Bad Stumble - Good Stumble

I was using StumbleUpon tonight and I ran into an example of a great landing page and really bad landing page. Let’s take a look at them.

The Bad Stumble

The Bad Made For Adsense Stumble

This was the bad stumble. This "Made for Adsense" blog is sure to draw a quick thumbs down. The ‘article’ was a short snippet from an article farm, about 200 words of useless "work at home" tripe. Submitting this to StumbleUpon is certainly a "What were they thinking?" moment. While such a poor page might work for an arbitrage page, at least until Google shut down the attached Adsense account, it isn’t going to work with SU. (And no, I’m not providing the address of this site)

The important thing to remember is that stumblers navigate to new pages by clicking the ’stumble’ button, not by clicking ads like some search visitors will. If a stumbler clicks your ad, that means they’re probably very interested in the subject matter you presented or that the ad represents.

The Good Stumble

Simple Mortgage Calculator from FROG RATE

Frog Rate shows how to do it. A very clean page with a cute graphic, an interactive Javascript widget and well targeted advertising in a high paying niche. People will stick with the site and try out the calculator since it does the calculations directly on the page. Who can resist the pull of a cute frog and figuring out their mortgage payment. This puts them in the mood to click on a mortgage ad, perhaps to get some further information.

Notice how they used a small Adsense block. This insures that the two highest paying ads are the only ones shown for maximum revenue as well as best user experience. The only thing that might be done different is to use an affiliate offer. It would be interesting to figure out which does the best.

What do you think about these landing pages? Which do you think would make the most money over an average month? Leave me a comment and let me know what your thoughts are.


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Comment by Court
2007-11-09 22:38:30

That first one is the worst thing these eyes have ever seen! You’re right about both of these, the second is spectacular.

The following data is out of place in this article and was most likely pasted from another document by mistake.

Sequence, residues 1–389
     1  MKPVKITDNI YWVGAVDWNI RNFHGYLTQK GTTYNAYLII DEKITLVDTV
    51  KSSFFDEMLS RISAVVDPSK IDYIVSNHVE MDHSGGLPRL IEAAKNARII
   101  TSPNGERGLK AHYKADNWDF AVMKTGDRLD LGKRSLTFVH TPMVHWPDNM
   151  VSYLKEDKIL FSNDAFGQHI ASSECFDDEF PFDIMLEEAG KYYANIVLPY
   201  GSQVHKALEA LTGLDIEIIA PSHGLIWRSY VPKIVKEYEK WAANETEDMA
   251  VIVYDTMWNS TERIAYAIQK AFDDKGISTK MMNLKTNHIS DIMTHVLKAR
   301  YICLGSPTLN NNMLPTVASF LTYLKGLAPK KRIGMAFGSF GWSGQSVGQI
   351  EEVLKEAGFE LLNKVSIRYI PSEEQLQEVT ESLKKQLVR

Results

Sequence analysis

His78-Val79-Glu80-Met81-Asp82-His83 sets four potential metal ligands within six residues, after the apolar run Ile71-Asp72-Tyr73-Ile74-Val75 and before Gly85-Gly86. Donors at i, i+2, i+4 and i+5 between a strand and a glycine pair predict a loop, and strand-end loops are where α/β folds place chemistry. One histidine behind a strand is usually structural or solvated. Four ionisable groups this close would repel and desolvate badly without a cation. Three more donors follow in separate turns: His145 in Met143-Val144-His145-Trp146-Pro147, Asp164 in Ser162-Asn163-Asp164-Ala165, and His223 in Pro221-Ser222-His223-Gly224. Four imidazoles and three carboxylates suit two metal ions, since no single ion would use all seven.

Comment by jfc
2007-11-09 23:38:31

Hi Court,

I really liked the second one since we’re in the market for a new house. Most of the loan rate calculator pages I’ve seen are crammed full of ads and popups. The ‘frog’ is clean and easy to work with.

Comment by Ruchir
2007-11-10 06:15:20

Yeah the second one obviously is the winner and by a mile. First of all even if you forget about the ads in the first example, the template isn’t soothing to the eye at all, while the second one’s template is very appealing. And then ofcourse the ads…

Comment by jfc
2007-11-10 09:40:19

Hi Ruchir,

I did cover up their logo which was a mix of yellow, gray and green since I didn’t want to give them any publicity.

The article text, which isn’t seen in the screen shot, was also the same shade of green as the Adsense ads. Where I’ve seen worse is where someone had a very similar MFA scheme except they made the keyword heavy text a pale gray where it was very difficult to read.

2007-11-10 09:56:11

“Notice how they used a small Adsense block. This insures that the two highest paying ads are the only ones shown for maximum revenue…”

Did not know that. A great tip, thank you!

Comment by jfc
2007-11-10 11:19:31

You’re welcome.

Quality over quantity is one of the debates about Adsense.

On a highly targeted and competitive niche page like Frog Rate having a single block insures that only the highest paying ads are displayed.

On less targeted pages like I have here, it works better to have the full compliment of 3 blocks to give visitors more choices.

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